Studies have shown that patients treated with Levemir experienced little or no weight gain compared to other basal insulin therapy, such as NPH (Neutral Protamine Hagedorn) insulin, and offers more predictable control of blood glucose levels and reduced risk of hypoglycemia particularly during the night.
“Clinical studies have shown that patients taking Levemir for type 1 or type 2 diabetes, experienced significantly less weight gain than those taking traditional human insulins and in many cases even experienced weight loss,” said Dr. Robert Schlosser, Endocrinologist and Co-Director, Lifestyle Metabolism Centre, Toronto. “The flat and predictable profile of the new basal insulin Levemir may, at least in part, explain why people lose weight or do not gain as much weight on Levemir as they do on traditional human basal insulins.”
Study results suggest that Levemir can be used in people with type 2 diabetes without causing weight gain to the degree that typically accompanies this progression of therapy. Furthermore, recent data suggest that the more overweight a patient is before insulin therapy, the less weight they will tend to gain when taking Levemir, compared to human basal insulin.
Levemir has shown a weight-sparing effect compared with other basal insulin (such as NPH) when used either in type 1 or type 2 patients.
New Data Shows That the Unique Levemir Weight Benefit Continues After Two Years of Treatment
At the same time Levemir provides significantly improved glycaemic control and reduced rates of hypoglycaemia
AMSTERDAM, Netherlands, Sept. 21, 2007– – New data from two studies announced today by Novo Nordisk at the European Association for the Study of Diabetes (EASD) meeting confirms that Levemir® (insulin detemir [rDNA origin] injection) results in less weight gain than other basal insulins in type 1 and type 2 diabetes. The studies also demonstrate that Levemir® provides good glycaemic control in both types of diabetes and reduced rates of hypoglycaemia.1,2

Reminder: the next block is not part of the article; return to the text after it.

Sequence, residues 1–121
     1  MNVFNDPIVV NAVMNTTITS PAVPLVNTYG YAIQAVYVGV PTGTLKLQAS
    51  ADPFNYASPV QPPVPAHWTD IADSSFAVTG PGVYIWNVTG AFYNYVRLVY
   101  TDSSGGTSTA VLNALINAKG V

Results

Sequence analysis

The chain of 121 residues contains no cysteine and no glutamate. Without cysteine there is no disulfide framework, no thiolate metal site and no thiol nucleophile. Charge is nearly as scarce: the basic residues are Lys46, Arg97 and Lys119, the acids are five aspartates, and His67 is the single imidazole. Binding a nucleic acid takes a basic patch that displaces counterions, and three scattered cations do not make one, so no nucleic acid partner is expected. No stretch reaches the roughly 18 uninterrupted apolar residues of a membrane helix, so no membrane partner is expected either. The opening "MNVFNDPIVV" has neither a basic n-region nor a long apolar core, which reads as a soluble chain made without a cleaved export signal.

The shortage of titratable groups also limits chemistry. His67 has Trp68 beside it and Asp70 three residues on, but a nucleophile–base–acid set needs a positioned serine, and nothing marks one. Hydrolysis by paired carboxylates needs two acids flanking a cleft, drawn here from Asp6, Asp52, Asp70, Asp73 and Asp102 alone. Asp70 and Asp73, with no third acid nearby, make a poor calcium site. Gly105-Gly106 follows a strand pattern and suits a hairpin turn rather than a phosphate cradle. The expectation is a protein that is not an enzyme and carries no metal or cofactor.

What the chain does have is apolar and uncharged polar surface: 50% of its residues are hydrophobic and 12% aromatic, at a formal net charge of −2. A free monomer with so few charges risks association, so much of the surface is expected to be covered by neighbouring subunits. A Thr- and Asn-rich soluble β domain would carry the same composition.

In a two-year study in type 1 diabetes, patients treated with Levemir® gained significantly less weight than those on NPH insulin and at the same time had significantly improved glycaemic control compared with those on NPH insulin.1 This first long-term study with a modern basal insulin versus the older and commonly used NPH insulin demonstrates that the weight advantage of Levemir® is sustainable, while simultaneously providing significantly better glycaemic control and reduced nocturnal hypoglycaemia.
The benefits of Levemir® are further confirmed in the large randomised clinical trial PREDICTIVE® 303, involving more than 5,000 patients. Type 2 diabetes patients who were switched from NPH insulin or insulin glargine to Levemir® over a period of 26 weeks actually lost weight, while still experiencing significant improvements in glycaemic control and reduced rates of hypoglycemia.2
“The fact that Levemir® provides better glycaemic control, less nocturnal hypoglycaemia and less weight gain relative to NPH insulin over a period of two years is a clinical confirmation of the superior action profile of Levemir®,” commented Professor Luigi Meneghini, associate director at the Diabetes Research Institute, University of Miami Miller School of Medicine, Miami, Florida.
“Further to the weight benefit, the data presented at EASD highlights that Levemir® is associated with significantly less weight gain in both type 1 and 2 diabetes, and that this benefit is maintained over time. Levemir® may therefore be a more acceptable basal insulin option for patients with diabetes who are concerned about treatment-associated weight gain.”
The findings on weight gain reported at EASD are consistent with the unique weight benefit associated with Levemir® observed in 13 out of 13 published clinical studies, in which it has been compared to other basal insulins such as insulin glargine and NPH insulin.3–15 Together these studies provide data on over 4,000 patients with diabetes.